7 ways to stay fit even when you’re injured

1. listen to your physical therapist

they know what you’re supposed to do and what you’re not. so before you attempt anything, ask your PT if it’s ok, and ask what they recommend. if it’s not what you wanted to hear, don’t just ignore it — you may be prolonging your recovery time.

2. get another PT (personal trainer)

other than a physical therapist, a personal trainer can be immensely helpful. these people are often accredited and understand the body like physical therapists. if you tell them where your injury is and what your PT said, then this PT can work with you to maintain and build strength while avoiding injuring yourself further.

they can also be helpful for post-injury so you can build yourself back up to your former fitness level. this is much less frustrating and scary than attempting to figure things out on your own.

3. go at your own pace

photo by   @foodietunes   on Instagram

photo by @foodietunes on Instagram

don’t compare yourself to others, but more importantly, don’t compare yourself to what you used to be. it can be frustrating dealing with an injury because you were able to do all these things, and now, suddenly, you can’t.

but stop comparing yourself to anyone, even past you, and live in the now. go at your own pace. accept that this pace may be slower than you would like or are used to, and embrace it. often we get injured because we’re going too hard and doing too much, so take this chance to slow down.

4. be more active in your life

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if your injury isn’t causing you to be bedridden, get out there and do non-exercise things. so walk as much as you can — that’s the easiest way to stay fit without exercising.

5. don’t be afraid to try something new

swimming pic

a lot of people turn to swimming when they get injured, because it’s a low impact sport. for those of you who haven’t grown up swimming, I can only imagine how nerve racking it might sound to get into the water and do laps. full disclosure — when I first started swimming, I had to sit in the backseat of my mom’s car for 5 minutes before getting into the water and essentially meditate to calm myself down — I honestly thought I would drown.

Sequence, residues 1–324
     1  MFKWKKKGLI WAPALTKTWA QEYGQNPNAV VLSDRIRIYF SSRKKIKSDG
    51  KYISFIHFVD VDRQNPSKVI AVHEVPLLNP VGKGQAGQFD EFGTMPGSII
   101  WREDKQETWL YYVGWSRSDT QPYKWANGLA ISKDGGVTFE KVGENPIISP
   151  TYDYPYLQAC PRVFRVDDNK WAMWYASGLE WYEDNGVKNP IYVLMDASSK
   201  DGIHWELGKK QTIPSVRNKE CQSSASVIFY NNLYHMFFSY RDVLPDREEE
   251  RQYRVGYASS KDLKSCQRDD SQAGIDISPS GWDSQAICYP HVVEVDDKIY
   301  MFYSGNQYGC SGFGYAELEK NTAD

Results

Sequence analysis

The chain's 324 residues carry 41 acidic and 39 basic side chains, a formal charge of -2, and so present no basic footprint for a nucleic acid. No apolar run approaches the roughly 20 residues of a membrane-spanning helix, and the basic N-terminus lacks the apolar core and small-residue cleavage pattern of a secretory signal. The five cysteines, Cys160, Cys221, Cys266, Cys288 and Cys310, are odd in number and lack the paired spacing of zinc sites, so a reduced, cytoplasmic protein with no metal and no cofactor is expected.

but my point is, it’s not as scary once you take the leap. the same goes for any new form of physical activity. 

6. focus on your core

planking picture

almost every sports-related injury allows you to still work your core, unless it’s a spinal / back injury. the core is the foundation of so many things — of a strong spine, of good posture, of, essentially, good health.

so take the time to really work on things like planks and other core exercises, making sure you have correct form. 

7. teach classes

photo by Nick Cosky

photo by Nick Cosky

I have a friend who’s almost always injured, but she still teaches ballet. I had a yoga instructor today whose foot was in a boot, but she still taught the class. one of my old boxing instructors sprained his ankle, but still taught class (and just avoided high knees for a very long time).

so if you’re already a fitness instructor, try and teach more classes and use that as your form of workout — often, you only need to demonstrate an activity, not actually do it yourself for a long time, so it’s injury-friendly. a huge caveat though — make sure that you’re cleared to do this so you don’t injure yourself further.

here are some other helpful resources: